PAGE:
With all the interest in digital media, it's tempting to want to jump on the bandwagon and launch company initiatives that use this media. But will a Facebook page or a Twitter feed attract a loyal band of followers to your company?

That depends. According to a 2009 study by Razorfish, companies that attract a following are offering more than standard brand messaging. Consumers are following brands on Twitter because they want deals—not just dialogue. Starbucks' 5 million Facebook friends are lured with coupons for free pastries and ice cream. The 1.5 million who follow Whole Foods tweets get weekly specials.

Twitter works as a medium designed to send time-sensitive messages of value to consumers. It's well suited to retail sales, but its role is less clear in the service sector, where the buy cycle is unrelated to sales or give-aways. We're not ruling out its use in service industries, but we will be watching with interest to see how it plays out.

The full report is insightful and worth the read. You can find it here.

Wednesday, December 16, 2009

Client Showcase—Count on Memorial TV Ads

video
We worked with Yakima Valley Memorial Hospital to develop this 100 Reasons to Count on Memorial campaign, which included a series of television image ads to promote their hospital. This campaign proved to be both effective and versatile, as it allowed new services and initiatives to be pulled together under this umbrella tagline.

The ads use black and white still images and features real people, rather than actors, which puts a warm and personal face on the hospital. The still images not only work beautifully in the spot, but will be repurposed for other elements of the campaign—maximizing their investment. The first ad is shown here. Nothing is more inspiring in our work than seeing the power of words and beautiful images to deliver a well conceived strategic message. It's just plain fun.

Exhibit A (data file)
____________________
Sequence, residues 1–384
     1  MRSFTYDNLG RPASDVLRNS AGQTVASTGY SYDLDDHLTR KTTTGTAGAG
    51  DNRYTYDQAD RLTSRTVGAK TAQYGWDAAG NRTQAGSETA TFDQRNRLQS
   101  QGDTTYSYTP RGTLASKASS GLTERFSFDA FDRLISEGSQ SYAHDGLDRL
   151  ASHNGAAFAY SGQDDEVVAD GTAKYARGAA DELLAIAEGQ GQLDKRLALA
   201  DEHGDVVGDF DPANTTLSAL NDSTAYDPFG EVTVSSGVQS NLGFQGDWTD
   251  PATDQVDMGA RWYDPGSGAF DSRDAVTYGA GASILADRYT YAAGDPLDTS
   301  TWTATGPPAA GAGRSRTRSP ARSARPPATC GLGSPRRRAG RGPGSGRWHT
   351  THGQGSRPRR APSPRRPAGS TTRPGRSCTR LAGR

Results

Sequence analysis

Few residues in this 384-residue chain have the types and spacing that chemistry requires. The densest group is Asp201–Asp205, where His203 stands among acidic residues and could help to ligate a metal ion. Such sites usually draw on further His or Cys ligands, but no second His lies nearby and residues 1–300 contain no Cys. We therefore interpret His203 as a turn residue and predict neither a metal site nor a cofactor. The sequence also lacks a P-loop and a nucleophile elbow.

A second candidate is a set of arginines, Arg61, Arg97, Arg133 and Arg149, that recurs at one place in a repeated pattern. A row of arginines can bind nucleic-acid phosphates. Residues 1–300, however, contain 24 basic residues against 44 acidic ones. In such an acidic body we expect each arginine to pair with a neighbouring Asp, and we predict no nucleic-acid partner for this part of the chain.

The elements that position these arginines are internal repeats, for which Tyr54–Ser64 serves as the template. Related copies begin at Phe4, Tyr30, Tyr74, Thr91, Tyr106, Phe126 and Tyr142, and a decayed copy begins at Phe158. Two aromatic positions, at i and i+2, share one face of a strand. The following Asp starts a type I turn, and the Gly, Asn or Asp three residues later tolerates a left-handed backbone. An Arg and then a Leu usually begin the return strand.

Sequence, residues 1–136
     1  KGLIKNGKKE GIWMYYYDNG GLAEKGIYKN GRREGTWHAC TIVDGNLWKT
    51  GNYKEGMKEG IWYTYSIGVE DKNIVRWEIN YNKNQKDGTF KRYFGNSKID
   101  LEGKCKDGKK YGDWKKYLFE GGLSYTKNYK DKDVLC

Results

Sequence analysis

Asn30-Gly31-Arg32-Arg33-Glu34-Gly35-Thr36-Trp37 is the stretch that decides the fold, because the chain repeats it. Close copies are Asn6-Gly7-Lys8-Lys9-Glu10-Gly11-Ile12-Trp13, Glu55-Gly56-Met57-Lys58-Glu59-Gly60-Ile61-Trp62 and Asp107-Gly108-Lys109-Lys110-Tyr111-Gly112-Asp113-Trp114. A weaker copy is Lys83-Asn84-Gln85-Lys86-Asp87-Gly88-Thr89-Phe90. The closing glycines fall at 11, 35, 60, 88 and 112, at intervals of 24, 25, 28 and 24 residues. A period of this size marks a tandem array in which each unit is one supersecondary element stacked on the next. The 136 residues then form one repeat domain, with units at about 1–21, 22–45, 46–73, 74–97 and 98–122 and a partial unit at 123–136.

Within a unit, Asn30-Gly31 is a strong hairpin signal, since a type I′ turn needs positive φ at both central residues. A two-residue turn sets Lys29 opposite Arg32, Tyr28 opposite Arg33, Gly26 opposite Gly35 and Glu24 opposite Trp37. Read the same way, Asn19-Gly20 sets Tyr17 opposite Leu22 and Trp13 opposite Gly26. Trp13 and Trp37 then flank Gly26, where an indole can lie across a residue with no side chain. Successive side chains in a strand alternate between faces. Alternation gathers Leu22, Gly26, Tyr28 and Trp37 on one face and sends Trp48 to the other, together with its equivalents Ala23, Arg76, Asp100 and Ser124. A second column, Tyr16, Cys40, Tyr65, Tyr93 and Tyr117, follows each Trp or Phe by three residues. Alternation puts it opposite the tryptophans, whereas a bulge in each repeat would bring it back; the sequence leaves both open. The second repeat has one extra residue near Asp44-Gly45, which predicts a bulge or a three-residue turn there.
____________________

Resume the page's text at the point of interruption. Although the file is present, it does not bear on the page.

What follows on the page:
Monday, December 14, 2009

Use Color to Evoke Consumer Response

All colors evoke distinctive responses—though often subliminally. In western culture, colors have come to depict a variety of attributes.
  • Red: Vigor, courage, innovation, energy, passion, emotion, authority, strength, power; the Pantone Color Preference Study lists this as the most exciting color
  • Purple: Some shades evoke playfulness and creativity, while others evoke luxury, extravagance, power and sophistication; purple is also the hardest color for the eye to discriminate
  • Blue: Most popular color; professionalism, conformity, calmness
  • Green: Healing, calm, peace, gentleness
  • Black: Sophistication, darkness, drama
  • Grey: Corporate, practical, formal, dutiful
Deep, dark shades tend to be more dignified, professional and serious. Brighter shades create excitement and can be festive and dynamic, while softer tones can be juvenile and playful.

Of course, color also takes on certain meanings based on the object with which it is associated. A red heart, for example, conveys love, while a black heart conveys treachery and a purple heart conveys courage.

Colors also take on different meanings in different cultures, too. So when selecting colors for your corporate identity or other communication materials, be mindful of all of the many attributes a color can evoke. Harness the power of color to work for your business.

Friday, December 11, 2009

What Conducting an Orchestra Tells Us About Leadership